The country has more than three million elected representatives across all local bodies of which more than a million are women. More than half of these are heading the local body as sarpanch or chairperson of the district body. This is nothing short of a silent revolution. Nowhere in the world do women hold elected office in such large numbers. Yes, there is a long way to go toward the true spirit, but this is still a significant achievement. In the early years, there was an impression that women in panchayats or municipalities were simply proxies for their husbands or fathers. That may no longer be true, at least as rule. Many women heads of local bodies are occupying office on their own record and steam. Another major headache, was that vested interests (mostly male) who disliked an assertive woman sarpanch, used the instrument of “no-confidence” motion in the panchayat to remove her. This was becoming rampant. The remedy was to have a directly elected sarpanch. For instance, the state of Maharashtra passed a reform law this year, which mandates direct elections to the post of sarpanch and heads of municipal councils. In a village, then, only the gram-sabha with a two-third majority can pass a no-confidence motion. The power of the coterie who toppled the chief within the panchayat is effectively taken away.

The problem of funding for the local bodies remains a big challenge. Their power of taxation is severely limited. Property taxes cannot be increased. Indeed, in a celebrated case, the tiny village of Dabhol tried to levy a property tax on the Enron power project to fund a local hospital, but lost this case in the courts. The thirteenth finance commission for the first time found a way to devolve funds directly to the third tier.  But, it was too small. The cities and villages still largely depend on the mercy of respective state governments for all their development and welfare spending needs.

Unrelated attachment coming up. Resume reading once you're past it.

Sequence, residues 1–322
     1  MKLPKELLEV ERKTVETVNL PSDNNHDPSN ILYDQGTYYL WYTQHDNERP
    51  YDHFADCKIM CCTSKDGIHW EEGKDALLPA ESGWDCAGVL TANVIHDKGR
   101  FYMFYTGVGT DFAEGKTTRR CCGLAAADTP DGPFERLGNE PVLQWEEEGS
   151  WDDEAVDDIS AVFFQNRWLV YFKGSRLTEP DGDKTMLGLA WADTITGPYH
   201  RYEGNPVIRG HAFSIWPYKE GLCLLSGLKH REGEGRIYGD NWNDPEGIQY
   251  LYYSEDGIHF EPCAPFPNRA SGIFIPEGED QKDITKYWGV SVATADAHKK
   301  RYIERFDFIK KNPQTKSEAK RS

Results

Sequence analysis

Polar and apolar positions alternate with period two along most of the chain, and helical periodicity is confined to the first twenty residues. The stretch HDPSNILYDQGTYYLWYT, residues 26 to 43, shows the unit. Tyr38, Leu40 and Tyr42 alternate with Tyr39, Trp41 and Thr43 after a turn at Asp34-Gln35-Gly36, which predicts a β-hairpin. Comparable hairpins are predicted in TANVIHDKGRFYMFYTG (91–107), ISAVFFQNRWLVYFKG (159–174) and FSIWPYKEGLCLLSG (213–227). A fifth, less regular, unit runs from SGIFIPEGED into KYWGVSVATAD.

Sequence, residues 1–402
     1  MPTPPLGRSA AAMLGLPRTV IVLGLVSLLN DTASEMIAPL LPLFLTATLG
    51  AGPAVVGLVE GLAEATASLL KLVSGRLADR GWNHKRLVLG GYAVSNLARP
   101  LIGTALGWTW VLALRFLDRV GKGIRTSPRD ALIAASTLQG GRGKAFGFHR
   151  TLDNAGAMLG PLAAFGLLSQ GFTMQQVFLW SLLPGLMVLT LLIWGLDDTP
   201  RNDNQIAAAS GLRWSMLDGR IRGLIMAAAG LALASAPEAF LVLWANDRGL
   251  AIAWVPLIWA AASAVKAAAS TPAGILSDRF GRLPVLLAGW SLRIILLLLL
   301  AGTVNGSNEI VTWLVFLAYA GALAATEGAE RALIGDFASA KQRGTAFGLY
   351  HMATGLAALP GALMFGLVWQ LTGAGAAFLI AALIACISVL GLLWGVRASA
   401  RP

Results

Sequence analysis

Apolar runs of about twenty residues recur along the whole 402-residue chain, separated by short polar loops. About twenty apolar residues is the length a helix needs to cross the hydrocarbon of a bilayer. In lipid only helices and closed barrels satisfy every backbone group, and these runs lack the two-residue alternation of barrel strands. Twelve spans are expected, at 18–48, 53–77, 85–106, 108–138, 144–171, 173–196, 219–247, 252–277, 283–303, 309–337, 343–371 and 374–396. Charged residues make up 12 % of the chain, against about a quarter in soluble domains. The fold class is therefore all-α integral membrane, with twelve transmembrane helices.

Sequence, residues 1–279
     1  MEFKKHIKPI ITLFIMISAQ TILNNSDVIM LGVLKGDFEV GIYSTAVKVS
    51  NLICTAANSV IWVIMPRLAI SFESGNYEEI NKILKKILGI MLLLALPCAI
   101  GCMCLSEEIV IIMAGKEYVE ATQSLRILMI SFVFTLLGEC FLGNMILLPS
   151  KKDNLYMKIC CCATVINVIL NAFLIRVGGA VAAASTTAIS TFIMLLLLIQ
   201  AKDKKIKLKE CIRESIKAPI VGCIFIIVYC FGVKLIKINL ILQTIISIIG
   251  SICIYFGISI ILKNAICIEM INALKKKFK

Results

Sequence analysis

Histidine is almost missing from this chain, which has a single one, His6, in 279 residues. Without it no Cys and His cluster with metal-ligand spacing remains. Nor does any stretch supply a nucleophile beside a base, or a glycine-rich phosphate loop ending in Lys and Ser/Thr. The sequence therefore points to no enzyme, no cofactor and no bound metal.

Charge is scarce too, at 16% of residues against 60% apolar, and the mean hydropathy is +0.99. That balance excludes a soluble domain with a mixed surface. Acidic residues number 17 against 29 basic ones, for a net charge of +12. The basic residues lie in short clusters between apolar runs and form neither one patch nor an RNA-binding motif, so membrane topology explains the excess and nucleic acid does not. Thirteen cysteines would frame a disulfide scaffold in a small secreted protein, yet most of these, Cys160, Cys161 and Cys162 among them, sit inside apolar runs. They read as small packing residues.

Unlike cities, the villages are in a slightly better shape, because the budgets of state level rural development ministries are large, and do benefit the gram panchayats. But for cities, the problem is more acute. There is a proposal to have a rule based fixed share of the GST revenues of a state, carved out to respective municipalities. But, whether it will be actionable remains to be seen. Thus, while we push the agenda for cooperative fiscal federalism, let’s not ignore the challenge of routing the funds to the lowest tier.

Despite these challenges of meaningful devolution of funds and functions, the Panchayati Raj Acts have certainly ushered in the ethos of decentralised governance. To that extent, India’s democracy is stronger today.

The writer is an economist and Senior Fellow, Takshashila Institution. (Syndicate: The Billion Press)